“Second place is the first loser!”

“Winning isn’t everything, it’s the ONLY thing.”

This is the narrative that America has been running on for the past 50 years or so. It probably started soon after the atomic bomb was dropped on Hiroshima, ending World War II. We got the idea that we were superior to others in the world; that we were the #1 country.

This idea of superiority and spirit of competitiveness has also become common between fellow Americans, to the point where now we are again a nation divided right down the middle. I have seen so many angry, hateful and competitive comments coming from people who feel that they have “won” the 2016 election. Some of those who feel that they “lost,” are also angry, though to a less venomous degree, about what has transpired. The obsession with competition has gotten so bad that now people are willing to accept anyone or anything just to be able to say that they “won” a fleeting victory.

I have some news for both sides: we ALL lost this election because we’ve lost our moral compass as a country. This election has shown that an overwhelming number of people are willing to do ANYthing to “win” — even if it means potentially throwing our future into the trash.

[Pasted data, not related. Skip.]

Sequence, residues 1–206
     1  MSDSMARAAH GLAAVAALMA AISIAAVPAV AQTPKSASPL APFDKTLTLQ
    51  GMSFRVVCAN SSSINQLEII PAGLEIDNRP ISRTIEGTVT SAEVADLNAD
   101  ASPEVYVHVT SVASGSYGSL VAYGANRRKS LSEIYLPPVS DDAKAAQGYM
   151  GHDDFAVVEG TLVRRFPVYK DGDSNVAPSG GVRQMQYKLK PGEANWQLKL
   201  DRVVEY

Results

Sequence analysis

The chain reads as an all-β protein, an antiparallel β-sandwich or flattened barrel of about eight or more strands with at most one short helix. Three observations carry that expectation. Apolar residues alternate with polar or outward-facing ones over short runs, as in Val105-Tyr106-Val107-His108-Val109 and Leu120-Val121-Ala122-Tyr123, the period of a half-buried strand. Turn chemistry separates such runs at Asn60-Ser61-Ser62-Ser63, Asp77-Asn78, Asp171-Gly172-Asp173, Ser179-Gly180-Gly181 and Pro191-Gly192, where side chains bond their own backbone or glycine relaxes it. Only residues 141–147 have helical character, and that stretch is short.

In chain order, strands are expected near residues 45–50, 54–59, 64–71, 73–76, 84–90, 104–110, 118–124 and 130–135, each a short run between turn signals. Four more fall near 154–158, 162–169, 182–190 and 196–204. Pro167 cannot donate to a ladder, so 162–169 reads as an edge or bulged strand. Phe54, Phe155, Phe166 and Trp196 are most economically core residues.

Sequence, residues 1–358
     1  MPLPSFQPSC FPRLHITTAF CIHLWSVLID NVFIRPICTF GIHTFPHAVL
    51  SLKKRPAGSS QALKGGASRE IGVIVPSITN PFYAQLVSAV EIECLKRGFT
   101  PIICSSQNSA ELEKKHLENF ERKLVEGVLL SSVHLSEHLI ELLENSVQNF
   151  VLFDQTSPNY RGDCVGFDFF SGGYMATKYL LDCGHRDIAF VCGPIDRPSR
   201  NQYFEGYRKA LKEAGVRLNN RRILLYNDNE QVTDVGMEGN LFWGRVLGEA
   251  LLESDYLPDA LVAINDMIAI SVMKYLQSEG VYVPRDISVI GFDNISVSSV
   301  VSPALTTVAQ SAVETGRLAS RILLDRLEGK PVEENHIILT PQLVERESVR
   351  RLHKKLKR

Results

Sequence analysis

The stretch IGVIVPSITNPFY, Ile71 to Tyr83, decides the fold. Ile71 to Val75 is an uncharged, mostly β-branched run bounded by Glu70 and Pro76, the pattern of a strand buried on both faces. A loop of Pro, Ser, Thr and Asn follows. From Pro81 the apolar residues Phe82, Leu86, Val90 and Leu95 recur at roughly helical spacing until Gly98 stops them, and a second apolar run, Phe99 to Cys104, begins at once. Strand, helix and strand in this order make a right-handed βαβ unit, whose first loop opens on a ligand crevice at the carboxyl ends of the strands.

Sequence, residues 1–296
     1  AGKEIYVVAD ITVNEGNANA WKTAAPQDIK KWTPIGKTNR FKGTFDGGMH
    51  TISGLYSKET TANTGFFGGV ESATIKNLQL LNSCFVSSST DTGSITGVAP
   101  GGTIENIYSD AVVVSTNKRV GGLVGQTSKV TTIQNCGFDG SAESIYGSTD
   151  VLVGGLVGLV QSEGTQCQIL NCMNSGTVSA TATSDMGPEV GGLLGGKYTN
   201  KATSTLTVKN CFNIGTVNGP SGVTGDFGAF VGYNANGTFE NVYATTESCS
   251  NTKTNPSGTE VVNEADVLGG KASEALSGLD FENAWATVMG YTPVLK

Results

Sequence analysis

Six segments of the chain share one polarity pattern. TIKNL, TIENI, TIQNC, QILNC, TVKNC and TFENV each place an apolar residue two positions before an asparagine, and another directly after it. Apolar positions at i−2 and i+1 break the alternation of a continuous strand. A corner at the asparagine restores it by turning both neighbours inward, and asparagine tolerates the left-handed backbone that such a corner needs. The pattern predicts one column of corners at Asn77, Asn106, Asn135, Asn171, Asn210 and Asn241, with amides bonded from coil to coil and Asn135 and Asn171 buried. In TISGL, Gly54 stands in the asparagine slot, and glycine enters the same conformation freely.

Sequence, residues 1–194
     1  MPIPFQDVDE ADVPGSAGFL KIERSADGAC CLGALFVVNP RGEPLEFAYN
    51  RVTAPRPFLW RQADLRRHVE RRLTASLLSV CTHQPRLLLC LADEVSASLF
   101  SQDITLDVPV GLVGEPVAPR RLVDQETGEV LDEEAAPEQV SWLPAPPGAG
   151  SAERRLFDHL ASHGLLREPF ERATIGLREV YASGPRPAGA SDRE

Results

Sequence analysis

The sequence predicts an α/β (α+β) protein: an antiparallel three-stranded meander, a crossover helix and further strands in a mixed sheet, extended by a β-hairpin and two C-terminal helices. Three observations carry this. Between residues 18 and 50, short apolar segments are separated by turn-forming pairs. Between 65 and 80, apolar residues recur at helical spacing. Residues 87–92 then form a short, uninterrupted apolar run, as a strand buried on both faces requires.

This intense competitive spirit has now trickled down to day to day interactions. There have been a number of cases of people being bold and outright with their racism and hatred toward others in public. There are stories of kids and adults bragging and taunting other people who they feel “lost” the election.

Some people have suggested that we should just laugh at and ignore these people, but I tend to disagree.

People ignored Hitler and the hateful propaganda his regime was spreading too. They probably thought it was all just something that would fade away with time. That was right up until the day when the first trucks rolled up to take people away from their homes.

Unfortunately, simply ignoring a problem doesn’t make it go away. There’s a quote that roughly says “evil prevails when good men/women do nothing.” This has been true in the past and it is true now.